How the Midwest Will Spend Its Foreclosure Settlement Scrill

April 26, 2012 § Leave a comment

Earlier this month, on April 6, the foreclosure settlement was approved in federal court, despite its obvious flaws.  But as they say, when life gives you lemons, you make lemonade–so what do you do with a bad deal like the foreclosure settlement?  With the $1.5 billion it netted as a region, the Midwest has come up with some possible answers, although there’s always room for improvement.

Some parts of the settlement are common to every state, including stronger law enforcement to tackle fraud, checks of $1,800 made out to victims of foreclosure fraud (an incredibly small compensation) and loan modifications for those who are outstanding on mortgage payments.  Here is a provisional list of some of the unique things the Midwest is doing with the rest of their allotment.


Ohio Attorney General Mike DeWine has dedicated some settlement funds to demolishing abandoned homes.  He and others, including US representatives Steve LaTourette and Marcia Fudge, argue that the blight of abandoned homes further hurts Ohio’s property values, which have already taken a nosedive since the financial crisis.  Last week, LaTourette and Fudge stirred up support for the proposed Restore Our Neighborhoods Act, which seeks $4 billion in funds for cities nationwide to speed up the demolition of abandoned properties.

As the overlooked hip-hop group Black Planet once said, “Out with the old and in with the new”: the drive to demolish certainly has its merits, but this blog would like to see more resources aimed at keeping homeowners in their homes in the first place.  Foreclosure prevention counseling in Cleveland is growing more and more popular, and it would be a mistake if groups like Empowering and Strengthening Ohio’s People didn’t receive some financial assistance for their work in the state’s communities.


About 13,000 Indiana homeowners were wrongly foreclosed upon by the banks, and for their troubles, Attorney General Greg Zoeller plans to set up a program for assisting low-income homeowners with utility bills.  However, as they stand, the state’s anti-foreclosure programs are still underutilized, showing that agencies could use more resources to reach their clients.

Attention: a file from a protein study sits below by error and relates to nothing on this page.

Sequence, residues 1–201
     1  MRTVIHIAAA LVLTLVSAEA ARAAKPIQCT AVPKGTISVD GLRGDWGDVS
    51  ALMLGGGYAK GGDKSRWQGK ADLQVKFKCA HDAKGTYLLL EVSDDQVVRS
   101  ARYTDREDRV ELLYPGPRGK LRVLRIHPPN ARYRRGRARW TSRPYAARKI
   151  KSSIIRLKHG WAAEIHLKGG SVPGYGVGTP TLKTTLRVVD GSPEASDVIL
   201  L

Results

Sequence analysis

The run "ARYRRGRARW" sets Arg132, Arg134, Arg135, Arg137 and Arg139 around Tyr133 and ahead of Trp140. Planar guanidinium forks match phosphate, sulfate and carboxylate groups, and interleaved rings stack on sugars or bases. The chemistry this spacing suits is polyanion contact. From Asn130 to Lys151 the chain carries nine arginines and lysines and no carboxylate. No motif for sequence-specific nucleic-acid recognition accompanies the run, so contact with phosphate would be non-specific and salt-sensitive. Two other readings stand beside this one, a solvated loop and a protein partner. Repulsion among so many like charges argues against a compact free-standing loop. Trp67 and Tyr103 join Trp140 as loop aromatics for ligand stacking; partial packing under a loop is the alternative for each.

Attorney General Bill Schuette might have the most detailed plan yet.  In addition to beefing up prosecutors of foreclosure fraud and direct financial assistance for struggling homeowners, Michigan plans to disperse…

  • $20 million for foreclosure counseling
  • $5 million in assistance for veterans defrauded by mortgage servicers
  • $25 million in assistance for students made homeless by the crisis

In the Detroit area alone, there is 40 square miles’ worth of vacant properties (in total, an area larger than a city the size of Miami).  In case Schuette needs further inspiration, many residents there have begun formally and informally annexing adjacent properties to keep the neighborhoods clean and free of blight.


Attorney General Lisa Madigan fought hard for principal reductions on mortgage holders near foreclosure, one of the better parts of the foreclosure settlement. She says Illinois’s share of the settlement will go towards legal assistance programs to help homeowners defend themselves against looming foreclosures and stay in their homes.  Madigan argues this will create a domino effect: keeping homes occupied keeps the surrounding communities viable.


Missouri governor Jay Nixon has used some of the nearly $200 million the state received to avoid a budget cut to the state’s universities.  At the Attorney General’s office, Chris Koster has launched a statewide education campaign to connect struggling homeowners with the state’s foreclosure prevention resources–an important step in seeing the settlement through.


Always busy these days, Wisconsin’s Governor Scott Walker has also siphoned part of the state’s allotment away to close the state’s budget gap.  Walker faces a recall election this June, so the state’s plans for the rest of the settlement money might change.

And if they do, the Chicago Tribune‘s John McCarron has some plain and simple advice for the attorneys general of the Midwest: don’t let this aid go to waste. This is much easier said than done.  In the past, struggling families who have tried to tap this kind of aid get tangled up in impossibly complicated webs of paper shuffling and bureaucracy.  His solution?

Try this: Hire capable and trustworthy nonprofit organizations to recruit and screen qualified applicants, help them submit paperwork and then deliver their payments, along with counseling on how to put their finances in order.

As an example, McCarron points to Neighborhood Housing Services of Chicago.  “NHS,” he explains, “is run by a governing board that includes some of Chicago’s most prominent bankers, insurance executives and charitable foundation officers.” It couples this expertise with community organizations to build “street cred”–connections with churches, neighborhood organizations, and community organizers.  With the ability to sit down face-to-face with clients, these coalitions can resolve troubled finances in a matter of minutes–much faster, more effective, and friendlier than an underpaid bank customer service representative on the other end of a long-distance phone connection.

Mark Jacobs edits the MSCS blog.


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